linen

[lin-uh n]
noun
  1. fabric woven from flax yarns.
  2. Often linens. bedding, tablecloths, shirts, etc., made of linen cloth or a more common substitute, as cotton.
  3. yarn made of flax fiber.
  4. thread made of flax yarns.
adjective
  1. made of linen: a linen jacket.
Idioms
  1. wash one's dirty linen in public, to discuss in public one's private scandals, disagreements, or difficulties.

Origin of linen

before 900; Middle English lin(n)en (noun, adj.), Old English linnen, līnen (adj.) made of flax, equivalent to līn flax (< Latin līnum; see line2) + -en -en2
Related formslin·en·y, adjectivehalf-lin·en, adjectiveun·der·lin·en, noun
Dictionary.com Unabridged Based on the Random House Unabridged Dictionary, © Random House, Inc. 2018

British Dictionary definitions for wash one's dirty linen in public

linen

noun
    1. a hard-wearing fabric woven from the spun fibres of flax
    2. (as modifier)a linen tablecloth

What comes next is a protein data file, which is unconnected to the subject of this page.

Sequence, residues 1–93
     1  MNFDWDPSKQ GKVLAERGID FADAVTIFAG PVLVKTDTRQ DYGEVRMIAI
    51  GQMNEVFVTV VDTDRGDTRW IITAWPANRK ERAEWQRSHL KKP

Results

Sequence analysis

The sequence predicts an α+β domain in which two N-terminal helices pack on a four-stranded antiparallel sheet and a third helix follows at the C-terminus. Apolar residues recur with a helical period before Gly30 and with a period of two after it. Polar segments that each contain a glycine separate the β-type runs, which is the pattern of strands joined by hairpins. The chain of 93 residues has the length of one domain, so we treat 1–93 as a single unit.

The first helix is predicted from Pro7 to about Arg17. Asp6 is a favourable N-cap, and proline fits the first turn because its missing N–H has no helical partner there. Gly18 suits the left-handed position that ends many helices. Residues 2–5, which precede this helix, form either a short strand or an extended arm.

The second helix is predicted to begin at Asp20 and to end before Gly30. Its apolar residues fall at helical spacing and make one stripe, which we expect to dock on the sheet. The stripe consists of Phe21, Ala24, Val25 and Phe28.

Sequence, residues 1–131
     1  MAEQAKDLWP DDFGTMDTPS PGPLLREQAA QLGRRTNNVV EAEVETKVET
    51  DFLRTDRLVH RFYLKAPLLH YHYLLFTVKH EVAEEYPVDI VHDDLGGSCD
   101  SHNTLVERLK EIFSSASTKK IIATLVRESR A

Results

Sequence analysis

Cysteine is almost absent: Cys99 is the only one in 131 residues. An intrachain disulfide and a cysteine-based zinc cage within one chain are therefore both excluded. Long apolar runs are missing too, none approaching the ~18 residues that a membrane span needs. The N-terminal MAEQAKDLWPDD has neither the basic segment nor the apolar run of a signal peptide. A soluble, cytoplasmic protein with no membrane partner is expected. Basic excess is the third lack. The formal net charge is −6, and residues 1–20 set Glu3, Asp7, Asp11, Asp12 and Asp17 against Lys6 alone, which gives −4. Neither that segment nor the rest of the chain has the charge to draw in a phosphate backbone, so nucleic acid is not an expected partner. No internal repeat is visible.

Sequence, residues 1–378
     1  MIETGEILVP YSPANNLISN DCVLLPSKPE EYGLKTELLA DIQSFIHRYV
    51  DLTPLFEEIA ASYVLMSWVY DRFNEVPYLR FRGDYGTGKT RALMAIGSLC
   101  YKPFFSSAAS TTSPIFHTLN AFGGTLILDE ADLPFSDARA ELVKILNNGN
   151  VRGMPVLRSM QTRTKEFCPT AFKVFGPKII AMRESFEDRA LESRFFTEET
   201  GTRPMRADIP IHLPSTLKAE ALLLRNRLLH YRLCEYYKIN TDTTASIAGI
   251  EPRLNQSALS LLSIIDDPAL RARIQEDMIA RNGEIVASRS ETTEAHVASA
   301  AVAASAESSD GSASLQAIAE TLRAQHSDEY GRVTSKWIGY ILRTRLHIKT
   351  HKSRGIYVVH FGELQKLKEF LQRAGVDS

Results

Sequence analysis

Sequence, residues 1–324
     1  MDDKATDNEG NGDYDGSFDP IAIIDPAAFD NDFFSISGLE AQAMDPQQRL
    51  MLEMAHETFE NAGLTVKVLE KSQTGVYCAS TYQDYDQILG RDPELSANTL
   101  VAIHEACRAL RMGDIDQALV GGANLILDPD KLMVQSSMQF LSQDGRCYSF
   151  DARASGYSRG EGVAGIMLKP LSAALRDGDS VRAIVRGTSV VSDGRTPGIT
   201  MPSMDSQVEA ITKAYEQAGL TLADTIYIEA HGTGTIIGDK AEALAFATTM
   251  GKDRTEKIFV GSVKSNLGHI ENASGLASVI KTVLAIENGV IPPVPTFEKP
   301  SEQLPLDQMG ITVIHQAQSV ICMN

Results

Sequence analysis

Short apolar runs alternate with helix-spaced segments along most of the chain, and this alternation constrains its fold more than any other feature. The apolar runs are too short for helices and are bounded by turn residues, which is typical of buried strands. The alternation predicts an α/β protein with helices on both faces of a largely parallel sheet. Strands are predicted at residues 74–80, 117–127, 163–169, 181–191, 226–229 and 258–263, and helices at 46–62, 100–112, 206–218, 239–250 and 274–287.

1. yarn or thread spun from flax fibre
  2. clothes, sheets, tablecloths, etc, made from linen cloth or from a substitute such as cotton
  3. See linen paper

Word Origin for linen

Old English linnen, ultimately from Latin līnum flax, line ²
Collins English Dictionary - Complete & Unabridged 2012 Digital Edition © William Collins Sons & Co. Ltd. 1979, 1986 © HarperCollins Publishers 1998, 2000, 2003, 2005, 2006, 2007, 2009, 2012

Word Origin and History for wash one's dirty linen in public

linen

n.

"cloth from woven flax," early 14c.; earlier as an adjective, "made of flax" (c.1200), from Old English linin (adj.) "made of flax," from lin "flax, linen thread, cloth," from West Germanic *linam (cf. Old Saxon, Old Norse, Old High German lin "flax, linen," German Leinen "linen," Gothic lein "linen cloth"), probably an early borrowing from Latin linum "flax, linen," which, along with Greek linon is from a non-IE language.

Online Etymology Dictionary, © 2010 Douglas Harper

Idioms and Phrases with wash one's dirty linen in public

wash one's dirty linen in public

Also air one's dirty linen or laundry. Expose private matters to public view, especially unsavory secrets. These metaphors are reworkings of a French proverb, Il faut laver son linge sale en famille (“One should wash one's dirty linen at home”), which was quoted by Napoleon on his return from Elba (1815). It was first recorded in English in 1867.

linen

see wash one's dirty linen in public.

The American Heritage® Idioms Dictionary Copyright © 2002, 2001, 1995 by Houghton Mifflin Harcourt Publishing Company. Published by Houghton Mifflin Harcourt Publishing Company.